Makerspaces are exciting playground spaces in schools where educators can foster creativity, innovation, and design skills. Often these spaces are filled with high-tech gadgets for 3D printing, robotics, and circuitry experimentation.
While there’s infinite potential in these spaces, educators must design for inclusion of all students, including those with sensory and motor disAbilities, in the physical spaces and the learning activities within. (In this article we use the term disAbilities, with a purposeful capitalization of the A to keep our focus on the abilities of students and to mirror the language we used in a pilot college course we developed.)
Designing for Inclusion With Preservice Educators
Ensuring inclusive design can begin through connecting with preservice educators as they explore and emerge as professionals during teacher preparation.
By empowering new educators to be prepared to design for inclusion, we have the potential to change the direction of the STEM (science, technology, engineering, and math) fields. Individuals with disAbilities are not entering these fields—less than 10 percent of those who have a disAbility diagnosed early in life and only slightly more than 15 percent of those diagnosed in their high school years enter these fields.
But individuals with disAbilities can make unique contributions to the fields of making and STEM. Often generic design—of door handles, lockers, and pencils—is for the average student, and an individual with a physical disAbility must modify that design. So these student have practice with the concepts of tinkering, making, and iterative design in their day-to-day life. For instance, a student might modify a pencil grip, or device a personalized process for packing up their backpack. Educators can make space for these contributions.
In order to ensure that teachers are ready for this paradigm of inclusion, we sought to work with preservice educators in the college classroom. This process started with our own paradigm shift when we purposefully redesigned a course to empower preservice teachers to contemplate how to use high-tech design and fabrication to increase access and equity in their future classrooms. We piloted a 3D design-build project in a 200-level Assistive Technology course at the University of Maine at Farmington for students seeking to become certified as special educators.
The students explored, used, and hacked a huge range of products designed to support daily life and learning for students with disAbilities. We also asked them to explore off-market uses for the products, in part of inspire a mindset of problem-solving.
We wanted to empower these future educators to create solutions as well, so we introduced 3D design and fabrication. Almost none of the students had prior experience with these tools. With limited time available, the students worked in teams on a simple project: designing a new tactile tile for an augmentative and alternative communication (AAC) device and then programing the tiles to learn how the modified AAC worked. (AAC devices often provide pictures, sounds, or symbols that a child with a disAbility can use to express their opinions and answers at home and school.)
Educator preparation is a vital link in shifting the future of makerspaces to realize a more inclusive audience. We’re excited about the potential of this project to serve as a model for others. We’d offer the following as guidelines for beginning such a shift.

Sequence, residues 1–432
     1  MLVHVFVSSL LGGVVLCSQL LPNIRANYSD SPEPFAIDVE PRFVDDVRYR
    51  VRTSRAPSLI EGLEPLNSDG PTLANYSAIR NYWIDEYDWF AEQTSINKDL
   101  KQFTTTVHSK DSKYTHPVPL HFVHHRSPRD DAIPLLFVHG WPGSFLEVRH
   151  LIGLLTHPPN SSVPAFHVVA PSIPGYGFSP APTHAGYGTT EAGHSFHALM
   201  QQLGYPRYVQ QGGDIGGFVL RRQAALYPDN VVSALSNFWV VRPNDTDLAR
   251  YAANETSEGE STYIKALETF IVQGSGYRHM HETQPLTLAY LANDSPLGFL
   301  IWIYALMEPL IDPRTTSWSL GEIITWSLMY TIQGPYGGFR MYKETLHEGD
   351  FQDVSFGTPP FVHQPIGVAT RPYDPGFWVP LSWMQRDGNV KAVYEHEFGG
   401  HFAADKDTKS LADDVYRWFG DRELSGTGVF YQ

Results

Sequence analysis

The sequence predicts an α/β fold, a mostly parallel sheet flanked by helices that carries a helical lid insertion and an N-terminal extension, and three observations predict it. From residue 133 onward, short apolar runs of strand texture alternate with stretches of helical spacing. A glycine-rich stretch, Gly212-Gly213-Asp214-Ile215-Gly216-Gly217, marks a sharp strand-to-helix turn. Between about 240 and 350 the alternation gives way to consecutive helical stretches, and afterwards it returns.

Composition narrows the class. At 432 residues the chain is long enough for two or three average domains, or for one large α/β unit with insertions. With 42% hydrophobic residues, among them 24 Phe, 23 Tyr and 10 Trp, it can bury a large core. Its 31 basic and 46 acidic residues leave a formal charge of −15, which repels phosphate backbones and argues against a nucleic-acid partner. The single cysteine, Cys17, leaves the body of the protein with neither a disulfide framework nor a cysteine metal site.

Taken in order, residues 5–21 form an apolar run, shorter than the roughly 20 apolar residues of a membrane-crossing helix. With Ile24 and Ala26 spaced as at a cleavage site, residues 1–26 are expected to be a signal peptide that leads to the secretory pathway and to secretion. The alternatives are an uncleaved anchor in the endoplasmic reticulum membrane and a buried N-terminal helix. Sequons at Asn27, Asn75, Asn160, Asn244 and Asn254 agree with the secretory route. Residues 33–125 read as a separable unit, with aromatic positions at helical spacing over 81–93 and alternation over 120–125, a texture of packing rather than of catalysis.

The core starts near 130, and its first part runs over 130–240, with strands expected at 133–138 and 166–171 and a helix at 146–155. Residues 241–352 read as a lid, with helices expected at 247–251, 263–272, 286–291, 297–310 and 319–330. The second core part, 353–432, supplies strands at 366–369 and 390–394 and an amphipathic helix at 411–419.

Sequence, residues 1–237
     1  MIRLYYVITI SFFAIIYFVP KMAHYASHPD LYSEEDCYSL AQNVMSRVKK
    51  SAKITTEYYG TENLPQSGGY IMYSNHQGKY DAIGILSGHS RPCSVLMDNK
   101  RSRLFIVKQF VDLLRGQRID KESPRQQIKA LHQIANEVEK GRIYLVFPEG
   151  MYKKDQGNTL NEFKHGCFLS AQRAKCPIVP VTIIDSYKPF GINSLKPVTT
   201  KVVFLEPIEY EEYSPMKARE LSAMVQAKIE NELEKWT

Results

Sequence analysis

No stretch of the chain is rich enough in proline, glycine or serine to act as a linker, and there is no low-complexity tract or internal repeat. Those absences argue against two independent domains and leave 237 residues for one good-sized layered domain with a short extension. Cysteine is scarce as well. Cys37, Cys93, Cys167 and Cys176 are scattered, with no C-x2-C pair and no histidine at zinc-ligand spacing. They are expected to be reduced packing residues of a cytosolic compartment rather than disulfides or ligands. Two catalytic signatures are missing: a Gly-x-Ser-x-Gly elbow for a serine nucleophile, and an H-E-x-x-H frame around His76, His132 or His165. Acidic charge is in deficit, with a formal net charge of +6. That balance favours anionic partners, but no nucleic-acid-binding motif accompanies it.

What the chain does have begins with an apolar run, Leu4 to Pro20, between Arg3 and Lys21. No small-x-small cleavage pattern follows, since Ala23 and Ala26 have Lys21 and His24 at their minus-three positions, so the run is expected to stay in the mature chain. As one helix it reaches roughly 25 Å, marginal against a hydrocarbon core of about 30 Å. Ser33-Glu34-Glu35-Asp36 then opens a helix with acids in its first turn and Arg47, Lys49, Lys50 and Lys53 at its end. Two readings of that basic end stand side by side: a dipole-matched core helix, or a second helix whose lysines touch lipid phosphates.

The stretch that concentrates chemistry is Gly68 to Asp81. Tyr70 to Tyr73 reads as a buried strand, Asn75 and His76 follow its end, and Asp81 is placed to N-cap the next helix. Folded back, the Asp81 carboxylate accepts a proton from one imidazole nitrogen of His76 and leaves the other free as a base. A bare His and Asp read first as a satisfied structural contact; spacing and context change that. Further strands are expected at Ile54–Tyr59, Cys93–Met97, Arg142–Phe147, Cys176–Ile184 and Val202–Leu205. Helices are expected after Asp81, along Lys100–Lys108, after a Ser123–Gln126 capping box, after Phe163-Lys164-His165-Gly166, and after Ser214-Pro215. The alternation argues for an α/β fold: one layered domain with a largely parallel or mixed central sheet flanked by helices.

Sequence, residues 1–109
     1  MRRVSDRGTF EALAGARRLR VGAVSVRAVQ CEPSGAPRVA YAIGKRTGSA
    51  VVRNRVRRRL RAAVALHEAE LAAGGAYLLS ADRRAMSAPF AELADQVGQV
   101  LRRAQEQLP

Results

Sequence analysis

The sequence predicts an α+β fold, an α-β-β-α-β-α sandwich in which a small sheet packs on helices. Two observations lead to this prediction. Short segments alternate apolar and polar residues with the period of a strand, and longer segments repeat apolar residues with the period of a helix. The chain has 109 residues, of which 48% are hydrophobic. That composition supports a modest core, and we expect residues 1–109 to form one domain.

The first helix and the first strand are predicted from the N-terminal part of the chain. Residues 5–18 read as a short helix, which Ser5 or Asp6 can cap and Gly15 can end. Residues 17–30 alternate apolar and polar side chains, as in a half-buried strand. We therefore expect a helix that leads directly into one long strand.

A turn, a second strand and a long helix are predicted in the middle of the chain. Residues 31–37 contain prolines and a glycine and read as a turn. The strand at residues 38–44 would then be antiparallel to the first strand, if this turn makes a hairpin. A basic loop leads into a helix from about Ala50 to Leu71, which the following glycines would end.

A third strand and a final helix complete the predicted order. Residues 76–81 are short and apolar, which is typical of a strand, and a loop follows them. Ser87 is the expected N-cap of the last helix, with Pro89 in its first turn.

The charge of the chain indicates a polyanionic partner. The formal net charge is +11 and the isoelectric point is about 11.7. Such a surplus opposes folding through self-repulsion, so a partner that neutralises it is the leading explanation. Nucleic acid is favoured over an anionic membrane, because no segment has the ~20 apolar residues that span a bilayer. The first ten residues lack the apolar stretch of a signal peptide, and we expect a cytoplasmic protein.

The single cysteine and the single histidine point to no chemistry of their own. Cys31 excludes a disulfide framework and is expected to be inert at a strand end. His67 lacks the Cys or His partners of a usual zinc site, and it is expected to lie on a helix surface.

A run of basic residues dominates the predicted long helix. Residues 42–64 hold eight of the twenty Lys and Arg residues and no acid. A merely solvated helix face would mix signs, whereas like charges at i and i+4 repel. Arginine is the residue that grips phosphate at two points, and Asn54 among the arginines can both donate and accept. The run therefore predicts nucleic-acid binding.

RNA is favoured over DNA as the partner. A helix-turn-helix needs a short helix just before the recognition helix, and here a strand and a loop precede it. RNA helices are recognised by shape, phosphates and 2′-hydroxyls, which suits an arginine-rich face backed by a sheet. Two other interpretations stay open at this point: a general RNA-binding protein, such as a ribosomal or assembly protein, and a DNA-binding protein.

First, we believed it was important for preservice educators to have hands-on experience as makers to show them the possibilities of such tools. We believe it will be essential in future projects to empower individuals with disAbilities to design and build their own projects, and are working to bring this idea to life in our curriculum materials center and through our assistive technology collection.
Additionally, preservice educator programs can focus on user-centered design for learning. User-centered design considers each person’s individual needs within a situation, with input and feedback from the person. These concepts translate well as strategies for educators to engage with all students and involve them in taking ownership for learning.
As we expand past the pilot project and have preservice teachers host and work with others to fabricate real-life solutions, we’re very aware of the need to examine the physical space where 3D printers and other maker tools are located. Educators can advocate for locating makerspaces in places that are central, highly visible, and accessible to all. Educators can also explore mobile furniture and adjustable-height workspaces as potential ways to increase access to these tools.
While space, tools, and accessibility are important for designing inclusive makerspaces, we also encourage educators to design the user experience such that all individuals are invited to participate in the design and testing of prototypes and models. It’s important that when students are designing for other users in the makerspace, they learn how to ask for input and feedback in the process. Nurturing the skills of listening, giving feedback, and opening doors between individuals is perhaps one of the most powerful elements of an inclusive makerspace.
Makespaces hold tremendous potential in schools and communities to energize students as designers, thinkers, and problem solvers. Makerspaces also have the potential for educators and students to place our shared community at the center of the work, and design more inclusive strategies to unite and support each other. However, if we are to realize this potential, educators must design for inclusion.